The situating of Embers in the context of theater history, of twentieth century literature, and of Beckett’s oeuvre is a task made difficult by the apparent slightness of the work. It is, after all, a work of little length and even less mimetic substance, belonging to a form—radio drama—which has not attracted much critical attention, particularly in the United States. Critics—as well as audiences—have found Beckett’s earlier, longer, and slightly more conventional plays for stage, En attendant Godot (pb. 1952; Waiting for Godot, 1954) and Endgame, more appealing. Beckett himself has downplayed the importance of all of his dramatic works, this despite his having been placed in the front rank of absurdist playwrights and his having been awarded the 1969 Nobel Prize in Literature for a “body of work that, in new forms of fiction and the theatre, has transmuted the destitution of modern man into his exultation.”
Slight (short) and slighted though it may be, Embers is nevertheless both a representative work and an important, innovative one. It shows a typically Beckettian movement away from plot and character toward a divestiture of all that is merely theatrical and seemingly human—toward, that is, the distilled essence of both. This “disintegration of form and content,” as Raymond Federman calls it, was Beckett’s career-long obsession. “The artistic tendency is not expansive but a contraction,” Beckett wrote in 1935. “And art is the apotheosis of solitude.” This contractive movement inevitably leads, as in Embers, to the isolated character whose existence is not even seen but heard, or implied, perhaps merely imagined. This contraction in turn leads the character to whatever consolations memory can provide.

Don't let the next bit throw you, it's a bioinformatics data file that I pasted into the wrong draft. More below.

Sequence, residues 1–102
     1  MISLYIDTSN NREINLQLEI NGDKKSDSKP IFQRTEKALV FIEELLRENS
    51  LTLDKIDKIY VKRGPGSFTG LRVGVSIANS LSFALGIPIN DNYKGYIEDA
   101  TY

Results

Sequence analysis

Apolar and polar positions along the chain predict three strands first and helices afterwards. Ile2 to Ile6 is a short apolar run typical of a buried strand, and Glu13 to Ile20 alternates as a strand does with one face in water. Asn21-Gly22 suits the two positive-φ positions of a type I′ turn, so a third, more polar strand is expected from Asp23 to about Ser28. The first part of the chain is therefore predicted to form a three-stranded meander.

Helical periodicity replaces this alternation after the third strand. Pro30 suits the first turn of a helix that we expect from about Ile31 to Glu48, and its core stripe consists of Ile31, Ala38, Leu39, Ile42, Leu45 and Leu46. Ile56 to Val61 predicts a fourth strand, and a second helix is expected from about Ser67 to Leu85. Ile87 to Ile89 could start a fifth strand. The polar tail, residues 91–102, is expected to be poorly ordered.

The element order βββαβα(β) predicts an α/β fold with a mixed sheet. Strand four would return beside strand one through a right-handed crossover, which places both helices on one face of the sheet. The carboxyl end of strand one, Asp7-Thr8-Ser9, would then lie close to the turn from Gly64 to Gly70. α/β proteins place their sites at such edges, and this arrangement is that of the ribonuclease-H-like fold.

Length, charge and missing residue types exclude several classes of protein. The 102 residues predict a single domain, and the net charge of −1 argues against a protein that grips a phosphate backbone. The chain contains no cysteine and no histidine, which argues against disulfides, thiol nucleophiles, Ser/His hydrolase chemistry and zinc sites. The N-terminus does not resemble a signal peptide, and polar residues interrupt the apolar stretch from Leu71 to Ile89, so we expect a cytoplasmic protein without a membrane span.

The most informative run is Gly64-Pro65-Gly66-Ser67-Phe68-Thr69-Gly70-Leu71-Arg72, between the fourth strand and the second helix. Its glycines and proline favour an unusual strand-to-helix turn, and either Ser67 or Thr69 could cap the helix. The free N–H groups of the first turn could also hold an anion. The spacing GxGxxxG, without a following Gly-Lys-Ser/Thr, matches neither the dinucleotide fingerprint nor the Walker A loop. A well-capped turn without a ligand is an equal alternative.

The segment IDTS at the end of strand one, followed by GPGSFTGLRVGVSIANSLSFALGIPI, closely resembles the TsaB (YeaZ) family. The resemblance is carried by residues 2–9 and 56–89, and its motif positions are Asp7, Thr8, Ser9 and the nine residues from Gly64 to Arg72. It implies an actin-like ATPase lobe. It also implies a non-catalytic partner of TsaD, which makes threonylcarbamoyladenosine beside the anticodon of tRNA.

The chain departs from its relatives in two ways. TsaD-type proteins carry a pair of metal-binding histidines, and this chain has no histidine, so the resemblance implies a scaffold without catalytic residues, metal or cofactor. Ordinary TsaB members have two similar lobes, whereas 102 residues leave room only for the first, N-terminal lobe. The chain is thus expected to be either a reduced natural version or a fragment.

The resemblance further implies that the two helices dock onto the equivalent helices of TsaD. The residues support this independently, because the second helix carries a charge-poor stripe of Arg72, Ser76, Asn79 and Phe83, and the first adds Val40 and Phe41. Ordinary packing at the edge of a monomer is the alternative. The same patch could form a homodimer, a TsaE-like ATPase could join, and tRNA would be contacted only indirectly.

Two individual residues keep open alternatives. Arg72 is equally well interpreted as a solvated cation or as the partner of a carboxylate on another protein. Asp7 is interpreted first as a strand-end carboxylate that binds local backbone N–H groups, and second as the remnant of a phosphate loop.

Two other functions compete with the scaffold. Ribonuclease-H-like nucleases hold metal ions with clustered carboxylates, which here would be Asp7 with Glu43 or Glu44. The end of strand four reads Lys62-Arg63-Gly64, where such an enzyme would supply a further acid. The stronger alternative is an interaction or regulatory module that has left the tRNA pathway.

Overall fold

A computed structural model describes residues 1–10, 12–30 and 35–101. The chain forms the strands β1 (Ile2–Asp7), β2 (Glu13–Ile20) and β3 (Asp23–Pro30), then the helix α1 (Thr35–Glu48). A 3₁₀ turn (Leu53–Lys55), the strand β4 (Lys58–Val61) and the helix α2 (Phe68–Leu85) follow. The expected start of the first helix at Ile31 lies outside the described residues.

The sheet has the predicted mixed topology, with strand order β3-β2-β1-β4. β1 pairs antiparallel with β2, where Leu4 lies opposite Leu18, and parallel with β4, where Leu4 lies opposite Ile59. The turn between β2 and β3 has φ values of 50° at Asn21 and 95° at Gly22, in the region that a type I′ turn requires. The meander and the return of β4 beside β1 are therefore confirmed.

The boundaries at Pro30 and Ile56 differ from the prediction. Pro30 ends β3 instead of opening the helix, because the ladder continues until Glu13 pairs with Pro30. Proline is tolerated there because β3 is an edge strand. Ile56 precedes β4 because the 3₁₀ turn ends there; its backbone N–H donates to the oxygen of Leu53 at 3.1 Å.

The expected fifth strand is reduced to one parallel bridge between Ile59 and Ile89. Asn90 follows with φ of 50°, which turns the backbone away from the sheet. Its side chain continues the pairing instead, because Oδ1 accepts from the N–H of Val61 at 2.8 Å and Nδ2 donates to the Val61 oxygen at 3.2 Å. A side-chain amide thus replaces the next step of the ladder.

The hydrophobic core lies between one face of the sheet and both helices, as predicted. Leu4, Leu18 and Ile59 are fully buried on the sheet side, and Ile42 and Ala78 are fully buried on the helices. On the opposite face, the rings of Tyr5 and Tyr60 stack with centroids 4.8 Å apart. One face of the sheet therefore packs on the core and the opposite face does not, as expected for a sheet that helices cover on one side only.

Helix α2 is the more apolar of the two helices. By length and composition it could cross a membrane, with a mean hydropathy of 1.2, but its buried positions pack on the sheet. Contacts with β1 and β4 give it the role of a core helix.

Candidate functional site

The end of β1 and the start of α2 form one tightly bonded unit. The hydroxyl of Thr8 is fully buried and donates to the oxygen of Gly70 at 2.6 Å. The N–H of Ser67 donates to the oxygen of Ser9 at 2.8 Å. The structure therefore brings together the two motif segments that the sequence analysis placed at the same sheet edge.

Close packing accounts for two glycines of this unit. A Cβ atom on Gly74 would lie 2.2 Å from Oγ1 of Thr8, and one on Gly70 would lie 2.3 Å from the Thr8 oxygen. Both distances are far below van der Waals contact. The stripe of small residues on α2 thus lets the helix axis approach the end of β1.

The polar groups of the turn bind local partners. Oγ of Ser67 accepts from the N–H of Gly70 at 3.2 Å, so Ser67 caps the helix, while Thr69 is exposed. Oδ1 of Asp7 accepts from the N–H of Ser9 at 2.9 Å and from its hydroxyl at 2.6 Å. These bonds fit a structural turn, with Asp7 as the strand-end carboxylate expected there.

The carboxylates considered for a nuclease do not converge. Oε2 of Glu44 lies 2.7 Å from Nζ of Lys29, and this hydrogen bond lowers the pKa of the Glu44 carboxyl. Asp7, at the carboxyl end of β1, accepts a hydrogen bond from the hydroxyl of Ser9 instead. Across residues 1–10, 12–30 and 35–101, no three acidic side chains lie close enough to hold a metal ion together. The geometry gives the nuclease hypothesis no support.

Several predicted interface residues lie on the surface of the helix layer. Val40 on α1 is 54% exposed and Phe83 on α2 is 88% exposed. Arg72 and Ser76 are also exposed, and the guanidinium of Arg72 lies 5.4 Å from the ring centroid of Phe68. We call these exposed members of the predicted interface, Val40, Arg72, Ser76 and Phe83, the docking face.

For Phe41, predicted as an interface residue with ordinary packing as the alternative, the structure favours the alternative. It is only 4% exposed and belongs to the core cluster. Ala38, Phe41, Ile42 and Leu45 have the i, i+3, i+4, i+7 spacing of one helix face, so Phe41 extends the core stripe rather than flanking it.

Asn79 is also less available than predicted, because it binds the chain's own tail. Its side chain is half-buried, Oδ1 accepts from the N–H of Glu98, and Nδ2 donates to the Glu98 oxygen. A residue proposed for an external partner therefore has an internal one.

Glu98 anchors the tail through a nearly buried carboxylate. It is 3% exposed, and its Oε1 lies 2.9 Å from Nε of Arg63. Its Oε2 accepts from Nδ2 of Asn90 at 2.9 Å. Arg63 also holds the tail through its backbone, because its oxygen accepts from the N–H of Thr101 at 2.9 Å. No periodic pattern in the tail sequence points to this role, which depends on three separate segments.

These consolations prove ambiguous, however, for memory is, as Beckett has defined it, “a clinical laboratory stocked with poison and remedy, stimulant and sedative.” Memory relieves the individual of the intolerable burden of existential isolation, but only at the price of making one even more aware of one’s predicament, which may be not merely psychological, as in All That Fall and Krapp’s Last Tape, but ontological and epistemological as well, as in Company (pr. 1983) and Rockaby (pr., pb. 1981). As Beckett’s plays and fictions oscillate between past and present, hope and despair, speech and silence, it becomes increasingly difficult to distinguish memory from imagination, recollection from solipsistic projection.